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How Poet Looked at the World

Emily Dickenson (Photo: Wikipedia Commons)

What do you do when the old religious beliefs are no longer convincing, when the old doctrines seem anachronistic and no longer hold meaning for you? In her poetry Emily Dickinson (1830-1886) looks within herself and wills a new way of looking upon the world. It echoes the older one, but is boldly new.

In the name of the bee,
And of the butterfly
And of the breeze.

We can find this same act of will in the following poem too. Revery means dreamy thinking or imagining, especially of agreeable things. 

To make a prairie it takes clover and one bee, 
And revery.
The revery alone will do
If bees are few.

 In this poem we also hear an echo of religious sensibility - revery reminds us of reverence - but the subject of the poem is clearly our capacity to impose our own perception upon the world.

Why do we perform good deeds? Religious people will tell you because we have been so commanded. The reward for our compliance is a heavenly one. In her poem "If I Can Stop One Heart From Breaking," the poet's sole motivation for doing good is that it gives meaning to her life; without it, she would have lived in vain. There are no allusions to religion..

If I can stop one heart from breaking
I shall not live in vain;
If I can ease one life the aching,
Or cool one pain,
Or help one fainting robin
Unto his nest again,
I shall not live in vain 

Finally, in Christianity, hope is considered a theological virtue - the opposite of the sin of despair. Hope is the belief that God is eternally present in our lives. It is therefore our religious obligation to hope for God's beneficence even during our most difficult tribulations. How different, and how refreshing it is to think of hope more simply, as just "the thing with feathers," as the poet does in this final poem under discussion. 

Hope is the thing with feathers
That perches in the soul
And sings the tune without the words
And never stops at all.
And sweetest in the gale is heard
And sore must be the storm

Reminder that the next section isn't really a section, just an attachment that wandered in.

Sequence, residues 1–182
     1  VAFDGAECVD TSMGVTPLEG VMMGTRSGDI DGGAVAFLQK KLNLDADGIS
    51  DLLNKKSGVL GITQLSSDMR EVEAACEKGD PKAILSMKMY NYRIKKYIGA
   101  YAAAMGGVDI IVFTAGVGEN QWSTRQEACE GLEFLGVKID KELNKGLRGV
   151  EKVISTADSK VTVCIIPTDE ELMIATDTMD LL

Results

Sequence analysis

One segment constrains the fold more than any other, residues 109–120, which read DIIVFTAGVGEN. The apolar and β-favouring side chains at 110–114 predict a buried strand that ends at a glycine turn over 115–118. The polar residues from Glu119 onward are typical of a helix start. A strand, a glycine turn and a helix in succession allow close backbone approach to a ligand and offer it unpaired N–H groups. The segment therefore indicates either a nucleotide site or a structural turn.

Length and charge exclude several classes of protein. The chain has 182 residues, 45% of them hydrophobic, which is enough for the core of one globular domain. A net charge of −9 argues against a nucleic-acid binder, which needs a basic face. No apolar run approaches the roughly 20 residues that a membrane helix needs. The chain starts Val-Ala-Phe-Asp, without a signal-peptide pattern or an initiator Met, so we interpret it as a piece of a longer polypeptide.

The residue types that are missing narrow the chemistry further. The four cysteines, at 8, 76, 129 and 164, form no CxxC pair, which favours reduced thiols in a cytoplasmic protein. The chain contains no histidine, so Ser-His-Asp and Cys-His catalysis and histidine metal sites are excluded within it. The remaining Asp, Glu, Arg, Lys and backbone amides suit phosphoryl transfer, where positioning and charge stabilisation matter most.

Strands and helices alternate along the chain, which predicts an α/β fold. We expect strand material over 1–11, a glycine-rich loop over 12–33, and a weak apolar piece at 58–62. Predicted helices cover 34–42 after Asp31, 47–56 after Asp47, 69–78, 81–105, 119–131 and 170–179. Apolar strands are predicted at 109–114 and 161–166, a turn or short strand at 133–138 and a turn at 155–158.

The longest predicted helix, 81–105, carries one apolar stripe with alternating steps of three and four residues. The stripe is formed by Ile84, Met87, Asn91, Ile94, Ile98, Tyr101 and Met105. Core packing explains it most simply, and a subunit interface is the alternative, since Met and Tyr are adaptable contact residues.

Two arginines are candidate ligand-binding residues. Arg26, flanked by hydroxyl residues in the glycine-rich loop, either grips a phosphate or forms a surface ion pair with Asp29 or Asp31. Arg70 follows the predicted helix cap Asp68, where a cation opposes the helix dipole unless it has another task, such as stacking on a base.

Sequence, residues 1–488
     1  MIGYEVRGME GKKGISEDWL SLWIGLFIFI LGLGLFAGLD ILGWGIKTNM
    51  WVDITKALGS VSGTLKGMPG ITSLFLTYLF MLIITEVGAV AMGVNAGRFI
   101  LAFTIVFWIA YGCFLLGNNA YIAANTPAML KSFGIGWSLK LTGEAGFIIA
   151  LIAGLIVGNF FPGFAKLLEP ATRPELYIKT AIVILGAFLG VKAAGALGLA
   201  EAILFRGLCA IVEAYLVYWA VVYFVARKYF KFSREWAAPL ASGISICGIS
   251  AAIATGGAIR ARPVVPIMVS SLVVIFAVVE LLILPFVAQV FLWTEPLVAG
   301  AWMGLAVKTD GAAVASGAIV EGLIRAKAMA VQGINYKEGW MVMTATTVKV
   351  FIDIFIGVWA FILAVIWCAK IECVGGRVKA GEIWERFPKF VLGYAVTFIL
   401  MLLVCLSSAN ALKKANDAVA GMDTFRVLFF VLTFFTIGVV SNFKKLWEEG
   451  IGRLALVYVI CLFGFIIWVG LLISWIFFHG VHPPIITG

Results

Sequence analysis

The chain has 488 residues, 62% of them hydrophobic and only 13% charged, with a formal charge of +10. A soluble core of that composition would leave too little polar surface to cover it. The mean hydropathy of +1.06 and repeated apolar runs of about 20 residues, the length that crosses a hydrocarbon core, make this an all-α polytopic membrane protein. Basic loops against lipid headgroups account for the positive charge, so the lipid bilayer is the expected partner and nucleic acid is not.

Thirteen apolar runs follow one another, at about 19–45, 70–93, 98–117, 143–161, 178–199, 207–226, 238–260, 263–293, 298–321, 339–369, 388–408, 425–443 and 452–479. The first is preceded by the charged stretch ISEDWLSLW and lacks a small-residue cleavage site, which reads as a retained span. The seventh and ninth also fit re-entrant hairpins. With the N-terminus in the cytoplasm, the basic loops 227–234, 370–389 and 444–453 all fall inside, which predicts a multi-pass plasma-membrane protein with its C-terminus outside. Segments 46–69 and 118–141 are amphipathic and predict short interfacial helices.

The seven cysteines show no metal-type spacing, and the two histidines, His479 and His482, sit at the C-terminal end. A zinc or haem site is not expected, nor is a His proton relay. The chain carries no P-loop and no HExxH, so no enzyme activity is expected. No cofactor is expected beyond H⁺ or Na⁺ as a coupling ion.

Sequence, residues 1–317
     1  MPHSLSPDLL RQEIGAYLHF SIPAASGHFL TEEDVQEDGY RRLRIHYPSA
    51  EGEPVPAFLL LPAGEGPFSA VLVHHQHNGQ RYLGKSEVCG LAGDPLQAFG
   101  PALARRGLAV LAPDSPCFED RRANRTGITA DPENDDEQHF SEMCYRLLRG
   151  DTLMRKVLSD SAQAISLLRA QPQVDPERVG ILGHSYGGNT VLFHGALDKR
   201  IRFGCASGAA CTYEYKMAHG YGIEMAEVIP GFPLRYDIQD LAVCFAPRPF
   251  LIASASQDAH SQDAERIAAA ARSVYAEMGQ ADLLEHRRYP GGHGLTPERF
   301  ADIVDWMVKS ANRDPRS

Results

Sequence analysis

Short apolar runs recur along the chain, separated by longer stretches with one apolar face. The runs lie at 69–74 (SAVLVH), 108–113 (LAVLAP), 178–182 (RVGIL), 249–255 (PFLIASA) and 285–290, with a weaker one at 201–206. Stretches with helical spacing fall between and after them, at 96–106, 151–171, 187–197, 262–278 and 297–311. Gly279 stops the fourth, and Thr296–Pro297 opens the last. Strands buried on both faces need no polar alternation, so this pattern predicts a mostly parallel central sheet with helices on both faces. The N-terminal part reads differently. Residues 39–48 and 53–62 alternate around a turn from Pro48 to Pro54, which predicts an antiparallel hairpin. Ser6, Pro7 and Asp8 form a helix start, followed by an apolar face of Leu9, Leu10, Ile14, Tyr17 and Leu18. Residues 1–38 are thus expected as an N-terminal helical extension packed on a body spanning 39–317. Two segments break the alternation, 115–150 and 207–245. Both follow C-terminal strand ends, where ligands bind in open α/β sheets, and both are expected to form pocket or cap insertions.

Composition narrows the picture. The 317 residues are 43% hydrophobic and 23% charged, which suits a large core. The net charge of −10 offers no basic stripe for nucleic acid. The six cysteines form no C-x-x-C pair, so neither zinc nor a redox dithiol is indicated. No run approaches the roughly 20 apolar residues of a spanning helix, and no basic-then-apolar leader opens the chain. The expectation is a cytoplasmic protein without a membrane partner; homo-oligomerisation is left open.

That could abash the little bird
That kept so many warm.
I've heard it in the chilliest land,
And on the strangest sea;
Yet, never, in extremity,
It asked a crumb of me

Emily Dickinson lived her entire life in a small New England town with deep Puritanical roots. But the doctrines of the church no longer resonated within her. Trusting in her own convictions - and with an immense gift for poetic expression - she wrote poems that one hundred fifty years after her death still resound today. 

A life in isolation, fame came posthumously  

by Carol Novis

Emily Elizabeth Dickinson was an American poet born in 1830 in Amherst, Massachusetts where she spent most of her life until her death in 1886. She is generally described as an eccentric recluse who rarely left her room after the age of 30. However, a recent film, Wild Nights with Emily (2018), and a quirky new Apple TV 10-part series, Dickinson, show her vivacious, irreverent side and her relationship with another woman. Whether true or not, this depiction makes her life seem more relevant to readers today.

Dickinson was part of a prominent family, and after studying at Amherst Academy for seven years, and briefly at the Mount Holyoke Female Academy, she returned home. Throughout her life she was a prolific, though unrecognized, poet. On her death in 1886 her sister discovered nearly 1800 of her poems hand bound in several volumes. The first volume of her work was published posthumously in 1890, but it wasn't until 1955 that the first and complete edition of her poetry was published.

Dickinson's poetry was influenced by the English Metaphysical poets of the 17th century England, her reading of the Book of Revelation and her admiration of Robert and Elizabeth Barrett Browning and John Keats.

Nevertheless, her poems are unique: they contain short lines, often lack titles and use slant rhyme, unconventional capitalization and punctuation. Today she is regarded as one of America's finest poets. 

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